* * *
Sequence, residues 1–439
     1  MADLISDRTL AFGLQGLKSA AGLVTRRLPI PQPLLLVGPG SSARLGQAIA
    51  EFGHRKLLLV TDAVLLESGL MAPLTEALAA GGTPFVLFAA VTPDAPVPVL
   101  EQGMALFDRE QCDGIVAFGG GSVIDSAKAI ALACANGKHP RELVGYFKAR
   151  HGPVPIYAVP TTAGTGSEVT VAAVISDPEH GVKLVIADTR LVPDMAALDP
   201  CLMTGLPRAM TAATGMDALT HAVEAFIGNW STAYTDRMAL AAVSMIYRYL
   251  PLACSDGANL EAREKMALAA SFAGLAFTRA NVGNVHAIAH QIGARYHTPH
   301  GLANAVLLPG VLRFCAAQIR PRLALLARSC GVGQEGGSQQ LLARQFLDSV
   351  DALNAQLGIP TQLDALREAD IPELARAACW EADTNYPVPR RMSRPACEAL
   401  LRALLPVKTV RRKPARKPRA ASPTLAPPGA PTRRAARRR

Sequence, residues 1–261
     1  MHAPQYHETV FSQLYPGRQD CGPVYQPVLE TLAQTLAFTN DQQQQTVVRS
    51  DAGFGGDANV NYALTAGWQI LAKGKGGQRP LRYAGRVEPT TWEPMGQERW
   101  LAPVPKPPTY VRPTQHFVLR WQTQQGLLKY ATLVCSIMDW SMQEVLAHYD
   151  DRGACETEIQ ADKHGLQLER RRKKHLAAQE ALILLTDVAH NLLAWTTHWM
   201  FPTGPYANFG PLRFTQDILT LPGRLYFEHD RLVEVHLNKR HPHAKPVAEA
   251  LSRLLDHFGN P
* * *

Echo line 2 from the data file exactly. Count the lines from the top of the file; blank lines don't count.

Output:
     1  MADLISDRTL AFGLQGLKSA AGLVTRRLPI PQPLLLVGPG SSARLGQAIA